Now, with gangs of men roaming the streets and young German women being told to cover up, the mood’s changing.
Sue Reid In Giessen, Germany: On the busy shopping street in Giessen, a German university town twinned with Winchester, migrant Atif Zahoor tucks into a chicken dish with his brother and cousin at the curry restaurant Chillie To Go.
“We paid a trafficking agent for false visas to fly here to Germany. We claimed asylum and came to Giessen camp with other migrants. Three weeks ago, because we had families, they gave us a proper home.”
They have left good jobs back in Karachi, Pakistan, and now want to be Europeans.
In late July the three slipped into Germany with their wives and children, using illegal documents. They live together in a five-bedroom house, rented for them by Chancellor Angela Merkel’s government, a 40-minute drive away from Giessen, which is home to the biggest migrants’ camp in the country.
Scroll down for video
“Mrs. Merkel’s offer last month to accept all refugees from war-ravaged Syria opened the floodgates. More than a million migrants are expected this year alone, the bulk of them far from genuine asylum seekers.”
Migrants and refugees queue at the compound outside the Berlin Office of Health and Social Affairs as they wait for their registration. But there are warnings that millions more newcomers should be expected in the current migrant crisis
‘We paid a trafficking agent for false visas to fly here to Germany,’ says 34-year-old Atif. ‘We claimed asylum and came to Giessen camp with other migrants. Three weeks ago, because we had families, they gave us a proper home.’
Atif is well-dressed and speaks perfect English. He used to be a transport manager at Karachi airport and is from a well-to-do family. Between mouthfuls of curry, he adds: ‘But there is violence between political gangs in Karachi. Lots of people are leaving for Europe. The trafficker decided that Germany was the place for us because it is welcoming refugees.’
“There is now deepening disquiet in this Christian country, dotted with churches, that it is being overwhelmed by people of a different religion and culture.”
Yet the raw truth is that Atif is not fleeing war or persecution. He is one of thousands of economic migrants getting into Germany as the EU’s immigration crisis grows bigger each day.
This week, David Cameron said Europe must send failed asylum claimants back to their own countries, while European Council president Donald Tusk has warned that millions more migrants are on their way and ‘the policy of open doors and windows’ must be scrapped.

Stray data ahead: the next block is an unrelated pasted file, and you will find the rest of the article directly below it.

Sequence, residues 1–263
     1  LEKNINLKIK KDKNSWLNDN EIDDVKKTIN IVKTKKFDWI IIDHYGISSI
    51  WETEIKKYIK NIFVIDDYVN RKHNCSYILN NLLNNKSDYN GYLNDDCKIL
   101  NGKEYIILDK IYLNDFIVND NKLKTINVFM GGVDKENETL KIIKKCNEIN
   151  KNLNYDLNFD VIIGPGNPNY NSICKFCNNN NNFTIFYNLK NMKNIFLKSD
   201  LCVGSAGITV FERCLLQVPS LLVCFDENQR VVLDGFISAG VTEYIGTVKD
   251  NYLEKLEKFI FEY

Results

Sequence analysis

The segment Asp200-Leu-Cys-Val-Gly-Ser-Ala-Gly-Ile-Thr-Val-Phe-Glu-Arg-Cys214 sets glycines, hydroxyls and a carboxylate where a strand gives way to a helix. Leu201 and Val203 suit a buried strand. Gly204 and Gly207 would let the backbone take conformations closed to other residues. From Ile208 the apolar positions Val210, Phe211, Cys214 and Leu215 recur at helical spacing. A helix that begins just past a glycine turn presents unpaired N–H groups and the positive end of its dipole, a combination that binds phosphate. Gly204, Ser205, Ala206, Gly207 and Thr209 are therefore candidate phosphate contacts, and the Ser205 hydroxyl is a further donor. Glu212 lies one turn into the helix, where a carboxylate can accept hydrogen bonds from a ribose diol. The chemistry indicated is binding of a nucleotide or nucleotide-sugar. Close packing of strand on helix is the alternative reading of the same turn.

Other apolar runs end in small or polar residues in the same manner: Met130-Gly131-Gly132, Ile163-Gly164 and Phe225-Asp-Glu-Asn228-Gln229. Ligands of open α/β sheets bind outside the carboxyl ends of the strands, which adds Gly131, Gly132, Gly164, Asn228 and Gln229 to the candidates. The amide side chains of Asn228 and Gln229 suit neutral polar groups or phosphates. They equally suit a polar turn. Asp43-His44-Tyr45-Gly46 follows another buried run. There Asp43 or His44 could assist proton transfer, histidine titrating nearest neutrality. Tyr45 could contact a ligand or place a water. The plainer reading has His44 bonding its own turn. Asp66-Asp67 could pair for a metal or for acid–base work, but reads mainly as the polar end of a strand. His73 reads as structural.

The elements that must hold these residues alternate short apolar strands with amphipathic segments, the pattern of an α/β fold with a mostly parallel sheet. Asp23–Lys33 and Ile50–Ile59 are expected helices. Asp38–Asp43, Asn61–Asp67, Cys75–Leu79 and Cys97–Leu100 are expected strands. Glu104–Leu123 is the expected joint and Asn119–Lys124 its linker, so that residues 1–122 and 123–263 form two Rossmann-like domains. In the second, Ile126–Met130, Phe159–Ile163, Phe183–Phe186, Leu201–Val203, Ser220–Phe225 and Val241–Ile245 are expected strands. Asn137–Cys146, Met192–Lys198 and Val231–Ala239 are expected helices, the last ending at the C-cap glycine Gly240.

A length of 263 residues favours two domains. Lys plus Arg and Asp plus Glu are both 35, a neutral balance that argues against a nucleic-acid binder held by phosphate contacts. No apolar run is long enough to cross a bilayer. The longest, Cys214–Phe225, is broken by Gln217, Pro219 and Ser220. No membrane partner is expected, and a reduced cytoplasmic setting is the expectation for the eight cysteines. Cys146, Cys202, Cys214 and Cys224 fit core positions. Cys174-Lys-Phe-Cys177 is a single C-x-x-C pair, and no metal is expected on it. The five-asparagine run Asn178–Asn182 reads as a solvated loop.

“Many women have felt the need to sleep in their clothes… they won’t go to the toilet at night because rapes and assaults have taken place on their way to, or from, there. Even in daylight, a walk through the camp is fraught with fear.”
They are tough words, but it’s action that is needed. As Jens Spahn, a deputy finance minister in Chancellor Merkel’s government, said this week: ‘Not everyone can stay in Germany, or in Europe. If people are coming for poverty reasons… we have to send them back.’
Mrs Merkel’s offer last month to accept all refugees from war-ravaged Syria opened the floodgates. More than a million migrants are expected this year alone, the bulk of them far from genuine asylum seekers. There is now deepening disquiet in this Christian country, dotted with churches, that it is being overwhelmed by people of a different religion and culture.
Yesterday, the Mail reported how social workers and women’s groups in Giessen wrote a letter to the local state parliament claiming that rape and child abuse were rife in the refugee camp. The allegations were corroborated by Atif over his curry. ‘The camp is dangerous,’ he agreed. ‘Men of different nationalities fight and women are attacked.’ Read the rest of this entry »
Hungary Shuts Down Budapest Train Station to Migrants Amid Rising Tension Between European CountriesPosted: September 1, 2015 | |
BUDAPEST, Hungary – Keleti train station, which has emerged as ground zero in Europe’s spiraling migration crisis, cut off service to migrants Tuesday as European countries remained bitterly divided and confused over how to handle the situation.
“That they are simply getting on board in Budapest and they make sure they will travel to the neighbouring country – what sort of politics is that?”
Emphasizing the sense of confusion, Austria’s interior minister, Johanna Mikl-Leitner, called on Germany, the preferred destination for many of the migrants, to clarify its stance on asylum rules, and Chancellor Werner Faymann lashed out at Hungary for its seeming failure to register migrants before they were sent on to neighbouring Austria. Read the rest of this entry »